Assistant Professor Ariel White is honored with the Heinz Eulau Award

Ariel White

Ariel White, Assistant Professor of Political Science

Image: Stuart Darsch

Ariel White has won the prestigious Heinz Eulau award of the American Political Science Association (APSA).

The Heinz Eulau prize is awarded annually for the best article published in the American Political Science Review in the past calendar year. The award is supported by Cambridge University Press. 

She and co-authors Noah Nathan and Julie Faller won for their article, "What Do I Need to Vote?  Bureaucratic Discretion and Discrimination by Local Election Officials," which appeared in the February 2015 edition of the American Political Science Review.

“It is described as the first large-scale field experiment investigating bureaucratic behavior that provides ‘causal evidence of discrimination on the basis of ethnicity or race by election officials,’” noted Connecticut by the Numbers.

The full text can be found here.  More on her paper from the APSA:

White, Nathan, and Faller examine an important contemporary political issue: voter identification (ID) laws that have emerged in 31 states. Because many citizens do not know if they need IDs to vote, or what type of IDs are required, they ask local officials for help. Using a field experiment involving 7,000 election officials in 48 states, the paper examines whether local election administrators discriminate in the information they provide to voters. In their experiment, the authors e-mailed local officials asking either what ID would be needed in the upcoming election, or whether the citizen was required to vote in the primary election in order to vote in the general election.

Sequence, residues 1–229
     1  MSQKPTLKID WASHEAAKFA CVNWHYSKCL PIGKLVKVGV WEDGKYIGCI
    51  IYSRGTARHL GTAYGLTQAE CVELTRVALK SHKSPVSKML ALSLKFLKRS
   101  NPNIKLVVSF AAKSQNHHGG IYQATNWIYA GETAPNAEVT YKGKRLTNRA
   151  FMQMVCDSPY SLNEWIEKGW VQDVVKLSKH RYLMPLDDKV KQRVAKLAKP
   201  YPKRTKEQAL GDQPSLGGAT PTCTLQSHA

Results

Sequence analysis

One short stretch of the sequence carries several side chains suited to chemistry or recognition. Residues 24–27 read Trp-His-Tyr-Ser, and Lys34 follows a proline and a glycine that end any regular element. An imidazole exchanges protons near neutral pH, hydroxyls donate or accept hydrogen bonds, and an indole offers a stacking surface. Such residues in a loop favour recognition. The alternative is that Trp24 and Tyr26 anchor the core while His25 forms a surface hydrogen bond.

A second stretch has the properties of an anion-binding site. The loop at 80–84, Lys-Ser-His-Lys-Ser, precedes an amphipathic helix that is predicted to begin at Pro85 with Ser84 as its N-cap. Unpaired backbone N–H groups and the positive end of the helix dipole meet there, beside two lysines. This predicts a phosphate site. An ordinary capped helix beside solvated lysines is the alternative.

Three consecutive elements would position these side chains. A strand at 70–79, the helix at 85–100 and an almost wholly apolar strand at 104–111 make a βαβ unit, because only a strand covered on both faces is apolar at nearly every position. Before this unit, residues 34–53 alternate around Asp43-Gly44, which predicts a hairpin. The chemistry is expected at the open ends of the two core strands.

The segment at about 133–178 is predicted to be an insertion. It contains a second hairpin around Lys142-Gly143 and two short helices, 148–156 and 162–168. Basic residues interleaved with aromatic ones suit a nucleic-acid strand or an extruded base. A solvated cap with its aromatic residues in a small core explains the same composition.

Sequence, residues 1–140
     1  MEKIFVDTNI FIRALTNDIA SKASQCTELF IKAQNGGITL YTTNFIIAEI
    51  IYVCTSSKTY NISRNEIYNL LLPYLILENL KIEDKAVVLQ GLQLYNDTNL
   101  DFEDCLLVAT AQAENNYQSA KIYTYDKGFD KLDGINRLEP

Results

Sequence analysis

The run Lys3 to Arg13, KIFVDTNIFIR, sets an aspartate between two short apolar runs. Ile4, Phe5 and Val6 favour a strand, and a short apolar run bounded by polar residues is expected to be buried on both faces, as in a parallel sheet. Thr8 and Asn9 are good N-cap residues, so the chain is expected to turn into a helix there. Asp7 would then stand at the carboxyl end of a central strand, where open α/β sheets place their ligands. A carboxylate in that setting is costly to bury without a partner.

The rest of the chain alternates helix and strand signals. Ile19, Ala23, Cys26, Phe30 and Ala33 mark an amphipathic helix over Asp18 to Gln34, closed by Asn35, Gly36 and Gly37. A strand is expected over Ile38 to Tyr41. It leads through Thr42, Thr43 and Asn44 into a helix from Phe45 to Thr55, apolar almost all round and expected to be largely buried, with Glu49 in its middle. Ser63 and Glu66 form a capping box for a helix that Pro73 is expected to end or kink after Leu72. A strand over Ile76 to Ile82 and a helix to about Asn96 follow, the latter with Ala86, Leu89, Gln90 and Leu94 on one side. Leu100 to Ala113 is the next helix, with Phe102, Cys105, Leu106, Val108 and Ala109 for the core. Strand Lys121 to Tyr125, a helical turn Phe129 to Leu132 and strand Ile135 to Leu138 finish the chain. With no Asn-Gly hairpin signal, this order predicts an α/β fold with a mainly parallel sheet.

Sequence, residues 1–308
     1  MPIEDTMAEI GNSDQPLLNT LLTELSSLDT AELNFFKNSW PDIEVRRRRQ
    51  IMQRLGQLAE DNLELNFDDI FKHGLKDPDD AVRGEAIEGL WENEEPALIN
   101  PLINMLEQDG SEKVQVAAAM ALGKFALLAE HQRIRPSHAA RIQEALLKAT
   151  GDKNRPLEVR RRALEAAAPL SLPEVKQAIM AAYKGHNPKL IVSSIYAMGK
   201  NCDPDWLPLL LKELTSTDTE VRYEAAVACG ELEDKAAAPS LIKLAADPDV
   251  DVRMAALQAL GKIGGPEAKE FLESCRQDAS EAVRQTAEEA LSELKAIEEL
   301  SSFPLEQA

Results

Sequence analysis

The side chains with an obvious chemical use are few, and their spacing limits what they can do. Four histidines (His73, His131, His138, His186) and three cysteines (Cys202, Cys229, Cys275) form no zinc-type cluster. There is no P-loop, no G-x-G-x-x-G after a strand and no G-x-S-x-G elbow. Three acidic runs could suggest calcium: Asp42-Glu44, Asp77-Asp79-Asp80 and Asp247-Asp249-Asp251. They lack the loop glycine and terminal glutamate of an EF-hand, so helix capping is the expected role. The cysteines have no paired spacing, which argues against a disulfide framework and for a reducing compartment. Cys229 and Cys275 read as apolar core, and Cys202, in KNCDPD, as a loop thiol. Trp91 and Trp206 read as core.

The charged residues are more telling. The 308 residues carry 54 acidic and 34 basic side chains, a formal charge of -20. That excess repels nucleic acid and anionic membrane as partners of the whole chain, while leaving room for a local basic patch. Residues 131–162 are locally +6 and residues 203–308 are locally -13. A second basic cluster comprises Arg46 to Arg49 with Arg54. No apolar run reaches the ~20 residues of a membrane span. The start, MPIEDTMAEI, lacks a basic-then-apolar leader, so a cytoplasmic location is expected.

The paper finds that officials discriminate on the basis of ethnicity: administrators are less likely to respond to emails sent from Latino aliases as opposed to non-Latino white aliases. Further, responses to Latino aliases are of lower quality. The paper highlights the issue of racial profiling by local officials and how this leads to systematic bias against minority citizens who wish to exercise their franchise. The committee was impressed by the substantive issue of enquiry, which has far reaching implications for the study of democracy and equity. Furthermore, the field experiment was imaginative, well-designed and executed, and allowed the authors to systematically answer their research question.

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